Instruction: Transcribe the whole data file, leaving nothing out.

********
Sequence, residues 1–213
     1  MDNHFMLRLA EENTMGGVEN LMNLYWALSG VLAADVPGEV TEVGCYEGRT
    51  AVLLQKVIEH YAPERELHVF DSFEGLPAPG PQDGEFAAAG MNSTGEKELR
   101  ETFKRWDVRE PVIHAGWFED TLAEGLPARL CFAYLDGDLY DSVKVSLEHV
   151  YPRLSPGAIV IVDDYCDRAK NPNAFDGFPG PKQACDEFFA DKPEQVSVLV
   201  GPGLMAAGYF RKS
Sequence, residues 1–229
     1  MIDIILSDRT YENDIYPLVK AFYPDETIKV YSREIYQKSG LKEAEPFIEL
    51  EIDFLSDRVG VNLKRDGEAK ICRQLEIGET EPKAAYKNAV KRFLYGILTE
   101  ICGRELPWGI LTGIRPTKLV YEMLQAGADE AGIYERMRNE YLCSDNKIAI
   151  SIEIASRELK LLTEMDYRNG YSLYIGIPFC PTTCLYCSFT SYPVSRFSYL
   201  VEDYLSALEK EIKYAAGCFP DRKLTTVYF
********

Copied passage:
Sequence, residues 1–213
     1  MDNHFMLRLA EENTMGGVEN LMNLYWALSG VLAADVPGEV TEVGCYEGRT
    51  AVLLQKVIEH YAPERELHVF DSFEGLPAPG PQDGEFAAAG MNSTGEKELR
   101  ETFKRWDVRE PVIHAGWFED TLAEGLPARL CFAYLDGDLY DSVKVSLEHV
   151  YPRLSPGAIV IVDDYCDRAK NPNAFDGFPG PKQACDEFFA DKPEQVSVLV
   201  GPGLMAAGYF RKS
Sequence, residues 1–229
     1  MIDIILSDRT YENDIYPLVK AFYPDETIKV YSREIYQKSG LKEAEPFIEL
    51  EIDFLSDRVG VNLKRDGEAK ICRQLEIGET EPKAAYKNAV KRFLYGILTE
   101  ICGRELPWGI LTGIRPTKLV YEMLQAGADE AGIYERMRNE YLCSDNKIAI
   151  SIEIASRELK LLTEMDYRNG YSLYIGIPFC PTTCLYCSFT SYPVSRFSYL
   201  VEDYLSALEK EIKYAAGCFP DRKLTTVYF